Best Practices Building a CLI Tool for Your Service

Adam DuVander
Adam DuVander / February 16, 2017

To some, the command line is a relic of computing’s past. But as a developer tool, the command line is essential. Managing local processes and source control are often done through Command Line Interfaces (CLIs). In recent years, another kind of CLI has become popular, and it extends beyond the local system. The command line has become a powerful way for developers to interact with cloud services. Cloud computing services, continuous integration products, and some APIs have their own CLIs.

Developers can get a lot more done by using a well-designed CLI. If you’re building one to support your service, here are some things to keep in mind, tips we've learned while building our own CLI for Zapier (currently in beta).

Provide an Excellent Help Screen

Getting started with a CLI is unlike using other software for the first time. There is not always a welcome screen, no confirmation email with a link to documentation. Only through the command itself can developers explore what’s possible.

Zapier support engineer Jacob Blakely advises that usability and discovery are paramount in a CLI application. That experience begins in the help screen, accessible via a command in your CLI application. Ideally, you should include multiple ways to come across this screen in your tool. For example, the version control system git provides git help and git --help which both show you the same screen:
git --help

Even better, make the screen accessible through short flags, such as -h or -?. These and git's --help are all standard ways of opening documentation in a CLI—and we'll look more at such defaults below.

The CLI help screen is essentially your getting started documentation for the command line. List out the possible commands in logical groups, with each group in alphabetical order. Along with each command, give a quick and thorough explanation. It’s a balancing act of saying enough without saying too much.

Some CLIs have more involved help systems that let developers query beyond the basic help screen. JavaScript package manager NPM, for example, has a terse initial help screen, which is great for double checking commands. Then developers can explore further with npm <cmd> -h or read a full NPM overview (more like a man page) with npm help npm.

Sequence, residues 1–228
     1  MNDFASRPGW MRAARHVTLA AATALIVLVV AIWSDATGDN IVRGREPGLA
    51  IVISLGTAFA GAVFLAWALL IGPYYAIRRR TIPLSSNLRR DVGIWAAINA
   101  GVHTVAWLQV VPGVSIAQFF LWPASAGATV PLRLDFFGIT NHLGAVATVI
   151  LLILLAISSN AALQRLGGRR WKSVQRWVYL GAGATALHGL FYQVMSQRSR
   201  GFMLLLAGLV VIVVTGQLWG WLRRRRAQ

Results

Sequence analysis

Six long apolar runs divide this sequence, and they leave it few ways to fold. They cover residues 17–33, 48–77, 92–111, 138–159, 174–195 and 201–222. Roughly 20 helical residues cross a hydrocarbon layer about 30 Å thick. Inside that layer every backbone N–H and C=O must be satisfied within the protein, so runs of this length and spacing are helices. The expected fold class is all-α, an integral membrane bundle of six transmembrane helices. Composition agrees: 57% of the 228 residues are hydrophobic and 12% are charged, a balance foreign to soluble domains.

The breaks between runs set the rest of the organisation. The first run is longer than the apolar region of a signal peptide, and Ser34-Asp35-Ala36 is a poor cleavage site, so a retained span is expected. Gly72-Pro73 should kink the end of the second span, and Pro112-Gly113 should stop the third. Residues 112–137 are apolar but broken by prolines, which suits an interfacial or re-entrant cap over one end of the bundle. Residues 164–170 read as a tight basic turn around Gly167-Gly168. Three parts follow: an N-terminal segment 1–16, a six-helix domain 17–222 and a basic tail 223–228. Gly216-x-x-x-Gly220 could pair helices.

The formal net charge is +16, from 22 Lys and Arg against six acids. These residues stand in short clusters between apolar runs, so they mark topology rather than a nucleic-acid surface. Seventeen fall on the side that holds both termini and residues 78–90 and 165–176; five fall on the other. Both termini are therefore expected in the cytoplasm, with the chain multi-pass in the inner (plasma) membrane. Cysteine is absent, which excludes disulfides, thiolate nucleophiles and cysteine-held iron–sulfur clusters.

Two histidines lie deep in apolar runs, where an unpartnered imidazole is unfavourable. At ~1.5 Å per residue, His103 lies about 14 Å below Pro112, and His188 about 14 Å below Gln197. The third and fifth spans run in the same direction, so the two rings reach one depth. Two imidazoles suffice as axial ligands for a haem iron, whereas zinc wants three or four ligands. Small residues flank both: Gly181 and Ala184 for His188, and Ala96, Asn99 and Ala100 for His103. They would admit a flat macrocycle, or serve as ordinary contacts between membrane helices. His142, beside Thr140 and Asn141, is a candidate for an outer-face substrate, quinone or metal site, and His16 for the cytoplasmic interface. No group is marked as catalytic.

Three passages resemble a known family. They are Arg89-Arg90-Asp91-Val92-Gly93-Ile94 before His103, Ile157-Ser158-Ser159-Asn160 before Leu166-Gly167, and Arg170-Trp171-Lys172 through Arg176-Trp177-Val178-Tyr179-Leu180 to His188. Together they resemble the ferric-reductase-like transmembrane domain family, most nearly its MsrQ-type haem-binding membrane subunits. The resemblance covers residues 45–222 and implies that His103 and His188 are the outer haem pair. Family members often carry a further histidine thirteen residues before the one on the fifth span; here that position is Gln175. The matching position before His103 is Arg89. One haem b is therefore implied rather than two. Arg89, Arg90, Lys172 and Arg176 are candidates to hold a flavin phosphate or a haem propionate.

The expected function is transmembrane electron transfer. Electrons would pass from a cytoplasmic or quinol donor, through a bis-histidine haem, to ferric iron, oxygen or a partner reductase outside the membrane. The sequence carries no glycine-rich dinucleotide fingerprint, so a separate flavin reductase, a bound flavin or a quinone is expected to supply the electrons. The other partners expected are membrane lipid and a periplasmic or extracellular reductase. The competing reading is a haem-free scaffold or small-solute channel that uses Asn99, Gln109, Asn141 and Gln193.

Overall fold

Even better, take your help screen out of the help screen. Ever enter a typo in git?

Helpful git error message

You’ll get just-in-time help, plus a suggestion to try the main help page for more information.

Here are some other features that can take the help out of the help screen:

  • Tab completion. Document your commands in a format understood by popular shells, as we did in Zapier's CLI for bash and zsh.
  • Sane defaults. If your CLI shows logs, for example, choose a reasonable limit by default, then share the flag developers can use to change that value.

There are many other ways to make your CLI more usable, most of which parallel best practices in other user interfaces, such as giving good error messages.

“Steal, Steal, Steal”

When asked advice for others creating CLIs, Zapier platform engineer Brian Cooksey—one of the lead developers behind Zapier's CLI—recommended looking at the good patterns in Linux and other tools you respect. See how others who have gone before you solved problems. More importantly, consider the conventions others have already created, as these become expectations for the users of your CLI. Then, in the words of Cooksey, "Steal, steal, steal."

One such convention is to always support short and long format for flags, says Brightwork’s Phil Taylor. Descriptive, long format flags can be guessed, something that's increasingly easy when many CLI builders stick to conventions. The shorter formats, though, save typing for your most frequent users. Here are a few common flags:

  • -h or --help: Display the help screen